Unlike other metrics we’ve discussed, your CPC is usually based on a rate charged by the advertising platform you choose to use to promote your social media posts. For example, a CPC on Facebook might be very different from your CPC on Pinterest. In addition, CPC can be affected by other variables like the size of your audience, your industry, or the types of content you are wanting to promote.
Most social media platforms charge a specific rate for the number of times your ad, or promoted post, will be shown. This is known as impressions. For example, you might pay $11.20 per 1,000 impressions. Out of that 1,000 impressions, you might get 15 clicks. That would mean your cost-per-click was 75 cents.
Or, perhaps you set a budget of $50.00 for your promoted post. At the same rate, your ad would be shown 4,464 times. In this case, you had a slightly higher click-through rate, and 75 people clicked on your promoted post. In this case, your CPC was only 67 cents. For more about specific social media advertising costs, be sure to check out our guide to advertising on Facebook.
The math for determining your cost-per-click is as follows:
total spend / number of clicks = cost-per-click
Engagement is a measure of how your audience interacts with your social media posts. Depending on your overall marketing strategy, and the specific purpose for each post, engagement can be a valuable way to measure whether or not your content is resonating with your audience. One important thing to remember is that tracking engagement alone doesn’t give you a full picture of your audience sentiment, which we’ll look at next.
Here are four aspects of audience engagement you should consider:
It can be tempting to measure likes as the best sign of whether your audience is engaged with your content. While the number of “likes” a photo or video receive can give your ego a boost, it’s not the best way to evaluate whether or not your message has hit its intended target. On the other hand, page likes are a valuable form of engagement because they provide you with an opportunity to continue to grow your audience and share your message.
The number of times a video is played on Twitter, Instagram, or Facebook can be a valuable indicator of engagement, however, it’s worth remembering that depending on the platform, you only know that a video was started. That doesn’t mean that someone watched the entire video, and it certainly doesn’t tell you what they thought of it. It simply tells you the number of times a video was played.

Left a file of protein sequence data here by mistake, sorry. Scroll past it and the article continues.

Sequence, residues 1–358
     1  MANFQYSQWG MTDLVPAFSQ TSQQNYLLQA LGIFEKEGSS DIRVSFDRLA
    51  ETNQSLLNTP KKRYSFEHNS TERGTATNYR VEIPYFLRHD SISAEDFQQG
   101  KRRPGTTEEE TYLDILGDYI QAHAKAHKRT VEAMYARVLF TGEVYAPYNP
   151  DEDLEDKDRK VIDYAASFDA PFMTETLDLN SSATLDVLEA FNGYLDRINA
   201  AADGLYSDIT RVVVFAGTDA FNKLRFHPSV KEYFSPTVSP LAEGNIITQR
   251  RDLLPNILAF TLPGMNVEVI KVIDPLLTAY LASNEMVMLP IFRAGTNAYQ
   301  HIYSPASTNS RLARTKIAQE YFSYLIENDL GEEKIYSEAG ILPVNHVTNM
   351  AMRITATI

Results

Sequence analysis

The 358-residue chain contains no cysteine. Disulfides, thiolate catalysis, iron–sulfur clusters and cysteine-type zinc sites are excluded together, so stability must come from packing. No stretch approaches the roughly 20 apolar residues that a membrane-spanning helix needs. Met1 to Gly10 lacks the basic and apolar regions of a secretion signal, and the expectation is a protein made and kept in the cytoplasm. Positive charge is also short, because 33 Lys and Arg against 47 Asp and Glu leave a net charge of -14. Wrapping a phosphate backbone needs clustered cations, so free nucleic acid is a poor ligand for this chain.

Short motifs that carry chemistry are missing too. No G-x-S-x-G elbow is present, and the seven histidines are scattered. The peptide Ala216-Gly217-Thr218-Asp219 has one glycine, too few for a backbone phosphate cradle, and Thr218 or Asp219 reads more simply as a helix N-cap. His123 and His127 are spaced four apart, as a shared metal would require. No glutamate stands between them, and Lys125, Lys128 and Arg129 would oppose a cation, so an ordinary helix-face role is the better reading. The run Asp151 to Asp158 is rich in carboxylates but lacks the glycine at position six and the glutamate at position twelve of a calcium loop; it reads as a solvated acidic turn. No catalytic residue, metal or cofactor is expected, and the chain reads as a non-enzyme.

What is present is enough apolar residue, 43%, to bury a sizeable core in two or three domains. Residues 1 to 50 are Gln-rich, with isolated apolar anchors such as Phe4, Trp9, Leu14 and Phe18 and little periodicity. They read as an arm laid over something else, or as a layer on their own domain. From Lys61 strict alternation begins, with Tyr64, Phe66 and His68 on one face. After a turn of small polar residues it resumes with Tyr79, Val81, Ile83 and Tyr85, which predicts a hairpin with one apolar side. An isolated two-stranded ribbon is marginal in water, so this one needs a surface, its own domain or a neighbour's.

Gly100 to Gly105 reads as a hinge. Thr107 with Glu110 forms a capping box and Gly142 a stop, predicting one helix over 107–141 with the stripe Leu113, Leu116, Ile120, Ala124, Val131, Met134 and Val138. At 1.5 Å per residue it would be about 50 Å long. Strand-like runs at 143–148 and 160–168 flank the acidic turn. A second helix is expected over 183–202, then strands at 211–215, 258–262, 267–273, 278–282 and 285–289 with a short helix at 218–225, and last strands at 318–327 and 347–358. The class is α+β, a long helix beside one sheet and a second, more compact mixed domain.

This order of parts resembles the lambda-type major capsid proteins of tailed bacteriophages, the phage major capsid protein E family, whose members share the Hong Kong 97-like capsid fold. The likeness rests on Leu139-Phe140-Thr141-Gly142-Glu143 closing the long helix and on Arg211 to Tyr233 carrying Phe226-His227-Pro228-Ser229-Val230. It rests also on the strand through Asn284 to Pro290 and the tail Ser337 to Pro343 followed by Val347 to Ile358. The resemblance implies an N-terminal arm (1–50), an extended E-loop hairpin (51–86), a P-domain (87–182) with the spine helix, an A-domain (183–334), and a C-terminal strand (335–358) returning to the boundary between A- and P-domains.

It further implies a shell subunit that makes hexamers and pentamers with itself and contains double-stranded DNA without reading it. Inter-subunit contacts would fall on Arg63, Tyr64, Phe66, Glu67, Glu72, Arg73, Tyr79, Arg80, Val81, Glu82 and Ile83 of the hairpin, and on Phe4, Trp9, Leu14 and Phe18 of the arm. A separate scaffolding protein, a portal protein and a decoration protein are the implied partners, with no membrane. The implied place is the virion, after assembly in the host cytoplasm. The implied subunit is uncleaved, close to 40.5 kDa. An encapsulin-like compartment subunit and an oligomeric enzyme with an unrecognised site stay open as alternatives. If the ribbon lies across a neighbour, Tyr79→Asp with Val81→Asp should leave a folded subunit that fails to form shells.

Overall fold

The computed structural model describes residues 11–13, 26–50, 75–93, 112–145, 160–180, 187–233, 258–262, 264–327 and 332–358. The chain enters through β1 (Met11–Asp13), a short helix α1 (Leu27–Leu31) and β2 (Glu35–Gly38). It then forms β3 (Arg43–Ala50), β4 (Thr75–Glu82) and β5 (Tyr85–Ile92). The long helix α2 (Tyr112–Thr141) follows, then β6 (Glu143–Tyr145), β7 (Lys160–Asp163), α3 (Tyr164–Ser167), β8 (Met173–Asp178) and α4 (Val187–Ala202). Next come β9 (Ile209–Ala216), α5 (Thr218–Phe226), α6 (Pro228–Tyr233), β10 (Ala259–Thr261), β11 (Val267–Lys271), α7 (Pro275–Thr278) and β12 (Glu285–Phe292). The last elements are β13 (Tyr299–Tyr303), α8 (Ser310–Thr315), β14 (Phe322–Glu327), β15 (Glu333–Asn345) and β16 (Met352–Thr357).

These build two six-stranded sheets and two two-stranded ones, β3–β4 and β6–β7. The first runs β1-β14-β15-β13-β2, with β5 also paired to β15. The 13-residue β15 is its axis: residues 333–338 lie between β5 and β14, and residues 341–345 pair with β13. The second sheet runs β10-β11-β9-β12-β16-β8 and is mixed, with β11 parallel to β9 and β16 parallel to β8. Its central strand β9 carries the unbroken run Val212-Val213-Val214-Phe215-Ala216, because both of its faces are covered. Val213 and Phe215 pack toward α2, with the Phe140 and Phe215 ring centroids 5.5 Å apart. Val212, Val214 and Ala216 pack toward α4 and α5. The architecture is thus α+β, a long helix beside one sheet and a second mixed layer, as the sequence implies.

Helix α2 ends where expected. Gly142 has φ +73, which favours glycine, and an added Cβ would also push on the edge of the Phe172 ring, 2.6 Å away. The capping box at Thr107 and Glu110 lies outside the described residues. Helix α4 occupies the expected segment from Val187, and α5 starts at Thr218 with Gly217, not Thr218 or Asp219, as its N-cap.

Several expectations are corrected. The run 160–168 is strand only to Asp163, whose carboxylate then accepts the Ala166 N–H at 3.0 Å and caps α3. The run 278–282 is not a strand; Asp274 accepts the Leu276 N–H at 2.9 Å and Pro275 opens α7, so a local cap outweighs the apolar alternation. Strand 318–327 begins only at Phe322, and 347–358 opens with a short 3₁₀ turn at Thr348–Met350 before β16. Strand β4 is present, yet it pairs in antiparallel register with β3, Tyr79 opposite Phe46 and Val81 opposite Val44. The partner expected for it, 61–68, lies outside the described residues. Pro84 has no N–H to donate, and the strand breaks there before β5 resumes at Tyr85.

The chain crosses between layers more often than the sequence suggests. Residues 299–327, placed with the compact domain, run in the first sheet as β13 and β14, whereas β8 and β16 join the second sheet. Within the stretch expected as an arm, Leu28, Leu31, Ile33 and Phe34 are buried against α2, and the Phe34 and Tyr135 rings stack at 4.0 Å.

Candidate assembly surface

A more valuable metric of engagement is the number of times a post was shared. On Facebook, this means that someone shared your content to their own timeline. On Twitter, they might have retweeted it. Instagram doesn’t allow direct sharing of posts, so shares can be harder to measure. On Pinterest, you can track the number of times your “Pin” was repinned.
The final form of engagement is comments that your followers leave on your social media posts. These provide you with instant feedback about the engagement your audience has with your content, and allows you to have conversations with them. Similar to the comment features on Facebook or Instagram, the reply feature on Twitter has the same effect. This feedback can help you evaluate whether or not your content is reaching your audience the way you intended.
Pro tips: While engagement can be less tangible as a single metric, the overall combination of likes, shares, comments, and video plays gives you a picture of how your audience is responding to your content. It’s important to take each into consideration and look at how your audience engages overall, instead of focusing on any one specific form of engagement.
11. Audience Sentiment
Audience sentiment is a metric that measures the overall positive or negative sentiment expressed about a brand online. Instead of only looking at @mentions of your brand, sentiment looks at feeling behind the mention of your company. While audience sentiment is usually tracked by larger businesses, it doesn’t have to be limited to social media influencers or brands with millions of followers. Every brand that uses social media should pay attention.